Location: Egg Safety & Quality ResearchTitle: A Combined 16S Microbiome and Culture-Based Analysis of Foodborne Pathogens Throughout the Entire Lifecycle of A Single Pastured-Raised Broiler Flock
|Locatelli, Aude - Department Of Energy|
|Hiett, Kelli - Former ARS Employee|
|Caudill, Andrew - University Of Georgia|
Submitted to: Poultry Science Association Meeting Abstract
Publication Type: Abstract Only
Publication Acceptance Date: 4/5/2017
Publication Date: 7/6/2017
Citation: Rothrock Jr, M.J., Locatelli, A., Hiett, K., Caudill, A. 2017. A Combined 16S Microbiome and Culture-Based Analysis of Foodborne Pathogens Throughout the Entire Lifecycle of A Single Pastured-Raised Broiler Flock. Poultry Science Association Meeting Abstract. p. 536.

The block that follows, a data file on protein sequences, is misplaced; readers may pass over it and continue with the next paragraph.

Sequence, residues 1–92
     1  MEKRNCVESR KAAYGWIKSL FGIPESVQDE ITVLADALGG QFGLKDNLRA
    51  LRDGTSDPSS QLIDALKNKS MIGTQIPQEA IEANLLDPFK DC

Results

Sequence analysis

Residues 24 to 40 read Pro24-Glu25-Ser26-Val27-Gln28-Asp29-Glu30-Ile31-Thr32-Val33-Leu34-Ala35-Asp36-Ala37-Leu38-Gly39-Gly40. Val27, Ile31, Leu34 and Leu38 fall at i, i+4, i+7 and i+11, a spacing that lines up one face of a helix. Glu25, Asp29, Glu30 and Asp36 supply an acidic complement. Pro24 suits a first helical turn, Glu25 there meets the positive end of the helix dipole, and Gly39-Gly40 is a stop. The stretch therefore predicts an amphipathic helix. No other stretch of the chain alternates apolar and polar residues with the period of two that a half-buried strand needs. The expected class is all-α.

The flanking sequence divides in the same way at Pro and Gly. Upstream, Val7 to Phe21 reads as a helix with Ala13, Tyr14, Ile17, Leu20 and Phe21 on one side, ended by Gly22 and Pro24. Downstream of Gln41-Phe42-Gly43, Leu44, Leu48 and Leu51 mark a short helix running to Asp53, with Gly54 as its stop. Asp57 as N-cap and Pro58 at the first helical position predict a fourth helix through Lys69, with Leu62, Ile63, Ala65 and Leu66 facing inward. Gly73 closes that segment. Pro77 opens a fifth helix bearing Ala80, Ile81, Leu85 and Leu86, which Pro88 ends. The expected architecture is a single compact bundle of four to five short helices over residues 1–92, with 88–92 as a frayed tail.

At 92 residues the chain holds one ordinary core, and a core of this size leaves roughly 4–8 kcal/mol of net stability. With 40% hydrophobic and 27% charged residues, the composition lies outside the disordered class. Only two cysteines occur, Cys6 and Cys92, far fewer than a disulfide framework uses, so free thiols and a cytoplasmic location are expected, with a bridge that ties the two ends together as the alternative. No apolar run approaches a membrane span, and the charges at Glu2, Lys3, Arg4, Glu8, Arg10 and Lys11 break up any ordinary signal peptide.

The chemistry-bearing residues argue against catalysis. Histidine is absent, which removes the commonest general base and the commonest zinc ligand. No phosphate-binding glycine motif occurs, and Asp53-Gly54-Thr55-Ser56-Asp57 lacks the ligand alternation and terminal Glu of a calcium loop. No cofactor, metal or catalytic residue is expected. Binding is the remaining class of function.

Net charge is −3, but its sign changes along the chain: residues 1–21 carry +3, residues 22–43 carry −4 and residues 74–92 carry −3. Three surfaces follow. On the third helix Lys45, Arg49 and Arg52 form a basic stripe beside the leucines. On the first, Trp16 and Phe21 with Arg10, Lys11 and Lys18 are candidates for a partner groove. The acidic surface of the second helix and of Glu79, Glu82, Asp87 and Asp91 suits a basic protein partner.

Technical Abstract: While conventionally grown poultry continues to dominate the U.S. poultry industry, there is an increasing demand for locally-grown, “all natural” alternatives. Unfortunately, limited research has been done on this type of poultry management practice, and thus many of these management effects on the environment, poultry products, and human health is unknown. The use of next generation sequencing allows for not only the gross (e.g. community structure) but also fine-scale (e.g. genera abundances) examination of complex microbial communities. Utilizing these technologies can provide a better understanding of the poultry microbiome and how it changes throughout a flock’s life cycle to better elucidate not only the overall microbial ecology of these communities, but specifically the ecology of the foodborne pathogens inherent within poultry production. Broiler samples were taken during the entire flock life cycle, including Hatchery, Brood, Pasture, Processing, and Final Product, as well as samples from other farm animals in close contact with the broilers. Genomic DNA was extracted, 16S microbiomic profiles were generated (Illumina MiSeq), and microbiomes were analyzed and compared using QIIME 1.91 to determine how microbiomes shifted throughout production continuum, as well as what environmental or management factors may be influencing these shifts. Salmonella, Campylobacter, and Listeria were isolated from environmental samples, especially during the Processing and Final Product stages. Significant microbiome shifts occurred during the life cycle of this broiler flock, with microbiomes clustering based on sample type and stage of production continuum. Additionally, while this flock was considered “free-range” with access to and contact with other farm animals, the poultry fecal microbiomes remained distinct from the non-poultry animals throughout their lives.